For all the talk about how Sea Shepherd endangers life and limb of whalers, sealers, poachers, and even supposedly its own crew, the fact is that in more than 37 years of operations not a single Sea Shepherd crewmember has been killed or seriously injured. This covers hundreds of voyages and confrontations on the high seas in some of the most remote and hostile waters in the world. Nor has any Sea Shepherd action ever caused a single injury, let alone a fatality to those who Sea Shepherd obstructs, harasses, and prevents from continuing their illegal acts of exploitation.
One major Sea Shepherd critic is SeaWorld, whose enslavement of orca whales and dolphins has generated hundreds of millions of dollars in profits. And a SeaWorld captive - Tilikum - has killed three human beings.
I can't really blame Tilikum. If I were taken from the ocean and plopped into a concrete prison cell for four decades I would be inclined to get a mite angry also.
No reasonable person would walk unescorted across the exercise yard of a maximum-security prison, and it is irresponsible to expect a frail human being to turn his or her back on a stressed-out, angry, captive orca - the most formidable predator on the planet.
By the way, I've met Tilikum. Way back in the ‘80s, I toured SeaLand of the Pacific as a special guest of Bob Wright, the owner of the facility. He wanted me to see first hand what his business was all about. I sat by the pool and patted the big orca on the head. I also put my hand in his mouth and put my palm on his tongue so he could taste that I was not afraid of him. I remember looking into the left eye of that magnificent predator, and what I saw there was resignation and sadness. He was not a happy whale.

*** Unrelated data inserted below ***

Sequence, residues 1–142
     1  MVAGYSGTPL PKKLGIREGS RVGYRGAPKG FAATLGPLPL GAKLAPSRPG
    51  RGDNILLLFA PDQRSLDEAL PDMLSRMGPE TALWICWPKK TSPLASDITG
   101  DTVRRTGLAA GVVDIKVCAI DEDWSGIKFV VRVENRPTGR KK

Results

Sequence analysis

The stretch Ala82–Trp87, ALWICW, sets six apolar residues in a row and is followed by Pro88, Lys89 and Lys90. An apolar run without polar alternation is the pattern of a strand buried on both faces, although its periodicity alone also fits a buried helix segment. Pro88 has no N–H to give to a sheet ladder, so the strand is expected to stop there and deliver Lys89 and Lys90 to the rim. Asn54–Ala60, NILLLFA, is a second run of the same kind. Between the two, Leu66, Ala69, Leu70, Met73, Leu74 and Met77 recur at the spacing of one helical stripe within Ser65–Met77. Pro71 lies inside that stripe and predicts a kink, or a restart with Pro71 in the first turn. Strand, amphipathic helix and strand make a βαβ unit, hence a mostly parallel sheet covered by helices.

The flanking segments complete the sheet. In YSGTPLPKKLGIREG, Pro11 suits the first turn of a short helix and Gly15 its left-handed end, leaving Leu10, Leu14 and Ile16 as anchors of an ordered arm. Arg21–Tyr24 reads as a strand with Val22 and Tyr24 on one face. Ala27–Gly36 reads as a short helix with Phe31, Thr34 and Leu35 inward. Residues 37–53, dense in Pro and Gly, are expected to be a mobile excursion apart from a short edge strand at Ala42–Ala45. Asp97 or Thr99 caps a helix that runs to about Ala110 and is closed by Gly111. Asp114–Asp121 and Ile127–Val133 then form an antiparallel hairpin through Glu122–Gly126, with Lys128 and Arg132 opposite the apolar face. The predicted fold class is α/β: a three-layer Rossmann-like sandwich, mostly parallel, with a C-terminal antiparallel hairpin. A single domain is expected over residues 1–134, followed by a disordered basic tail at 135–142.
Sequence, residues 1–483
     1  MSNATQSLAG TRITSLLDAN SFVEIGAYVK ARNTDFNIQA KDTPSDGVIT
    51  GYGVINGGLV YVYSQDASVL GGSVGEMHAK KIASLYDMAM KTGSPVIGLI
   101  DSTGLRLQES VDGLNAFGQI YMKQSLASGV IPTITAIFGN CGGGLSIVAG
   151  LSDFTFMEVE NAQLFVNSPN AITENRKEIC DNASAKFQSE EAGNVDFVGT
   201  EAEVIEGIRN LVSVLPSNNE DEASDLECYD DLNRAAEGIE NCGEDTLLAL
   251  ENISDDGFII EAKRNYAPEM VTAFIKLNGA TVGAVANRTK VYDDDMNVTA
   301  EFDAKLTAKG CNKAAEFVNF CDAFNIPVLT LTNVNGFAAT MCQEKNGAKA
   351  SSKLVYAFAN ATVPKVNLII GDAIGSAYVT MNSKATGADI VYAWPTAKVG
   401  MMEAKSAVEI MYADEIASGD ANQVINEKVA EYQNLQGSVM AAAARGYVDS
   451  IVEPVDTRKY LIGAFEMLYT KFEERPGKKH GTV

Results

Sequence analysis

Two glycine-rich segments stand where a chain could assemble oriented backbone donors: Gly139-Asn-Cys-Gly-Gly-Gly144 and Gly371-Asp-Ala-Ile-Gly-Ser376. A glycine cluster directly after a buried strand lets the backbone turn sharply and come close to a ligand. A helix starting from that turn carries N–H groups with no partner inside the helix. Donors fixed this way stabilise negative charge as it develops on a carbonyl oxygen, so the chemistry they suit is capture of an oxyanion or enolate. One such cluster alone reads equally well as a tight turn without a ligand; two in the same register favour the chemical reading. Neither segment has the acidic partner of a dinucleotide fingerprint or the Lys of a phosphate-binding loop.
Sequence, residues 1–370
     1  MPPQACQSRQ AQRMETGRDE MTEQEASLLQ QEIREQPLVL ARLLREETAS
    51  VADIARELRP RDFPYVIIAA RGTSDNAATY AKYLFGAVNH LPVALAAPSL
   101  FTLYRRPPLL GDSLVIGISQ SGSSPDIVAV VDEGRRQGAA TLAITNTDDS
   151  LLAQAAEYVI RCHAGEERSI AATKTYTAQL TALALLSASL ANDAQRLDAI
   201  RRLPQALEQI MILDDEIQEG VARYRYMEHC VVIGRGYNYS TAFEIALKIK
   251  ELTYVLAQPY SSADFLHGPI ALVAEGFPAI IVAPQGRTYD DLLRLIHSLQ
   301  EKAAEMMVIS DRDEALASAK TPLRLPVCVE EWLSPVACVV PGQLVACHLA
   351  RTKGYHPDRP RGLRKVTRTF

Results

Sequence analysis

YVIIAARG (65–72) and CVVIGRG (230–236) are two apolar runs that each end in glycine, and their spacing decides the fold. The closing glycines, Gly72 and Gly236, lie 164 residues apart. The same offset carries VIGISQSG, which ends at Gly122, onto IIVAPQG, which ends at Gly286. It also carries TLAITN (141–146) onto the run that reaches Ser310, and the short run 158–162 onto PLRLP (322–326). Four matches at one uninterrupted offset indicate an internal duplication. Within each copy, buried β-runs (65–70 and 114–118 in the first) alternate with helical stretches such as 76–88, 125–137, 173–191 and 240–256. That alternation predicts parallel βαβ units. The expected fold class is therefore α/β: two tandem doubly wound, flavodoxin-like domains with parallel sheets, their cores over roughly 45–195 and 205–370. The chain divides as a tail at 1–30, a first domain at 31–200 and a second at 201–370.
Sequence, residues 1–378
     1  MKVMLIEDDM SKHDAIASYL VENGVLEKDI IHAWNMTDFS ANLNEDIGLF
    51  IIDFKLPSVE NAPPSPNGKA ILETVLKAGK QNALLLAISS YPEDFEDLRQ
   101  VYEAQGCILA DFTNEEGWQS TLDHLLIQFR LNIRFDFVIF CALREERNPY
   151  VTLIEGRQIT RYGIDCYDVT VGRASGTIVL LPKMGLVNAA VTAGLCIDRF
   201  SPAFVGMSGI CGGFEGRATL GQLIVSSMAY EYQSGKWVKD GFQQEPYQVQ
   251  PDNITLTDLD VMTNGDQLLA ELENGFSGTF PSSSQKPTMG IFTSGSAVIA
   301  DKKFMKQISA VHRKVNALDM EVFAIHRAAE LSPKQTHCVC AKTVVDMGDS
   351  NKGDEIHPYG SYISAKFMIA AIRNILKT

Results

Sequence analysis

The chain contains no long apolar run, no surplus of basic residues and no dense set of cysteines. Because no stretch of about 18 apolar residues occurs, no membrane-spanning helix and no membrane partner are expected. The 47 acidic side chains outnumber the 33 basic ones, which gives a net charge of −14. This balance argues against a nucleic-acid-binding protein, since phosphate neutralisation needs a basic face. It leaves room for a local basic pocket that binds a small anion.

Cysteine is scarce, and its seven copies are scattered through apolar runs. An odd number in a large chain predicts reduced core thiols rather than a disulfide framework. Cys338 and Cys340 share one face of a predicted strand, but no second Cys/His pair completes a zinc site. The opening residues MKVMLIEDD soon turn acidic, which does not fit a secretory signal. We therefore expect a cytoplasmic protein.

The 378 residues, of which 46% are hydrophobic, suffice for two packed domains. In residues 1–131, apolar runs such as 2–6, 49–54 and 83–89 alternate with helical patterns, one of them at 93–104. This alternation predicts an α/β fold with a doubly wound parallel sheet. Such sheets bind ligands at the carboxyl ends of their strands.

I knew then as I know now that Tilikum should not be, and does not belong, in a swimming pool. I think that SeaWorld has only one honorable option. They should return Tilikum to his home in the sea. His pod can be identified and SeaWorld has the funds, the skills, and the technology to do the right thing both for the orca and for the interest of humanity.
Though SeaWorld has been forced to change its shows that put trainers in close, physical interaction with orcas, due to a decision made by the Occupational Safety and Health Administration (OSHA) and upheld by a U.S. Court of Appeals, orcas are not the only species of stressed captive animals forced to perform with SeaWorld's trainers - and there have been hundreds of documented animal-trainer incidents at their parks. Other parks, like Miami Seaquarium - the prison of more than 40 years to famed orca, Lolita - continue their dangerous shows.
If the aquariums and marine parks holding orcas as prisoners do not return these massive predators to the sea then the next time a human being dies as a victim to an angry, frustrated, stressed, and possibly insane orca, it will not be simply another tragedy: it will be willful negligence.
Adapted from a commentary written by Captain Watson first published on February 25, 2010 at seashepherd.org.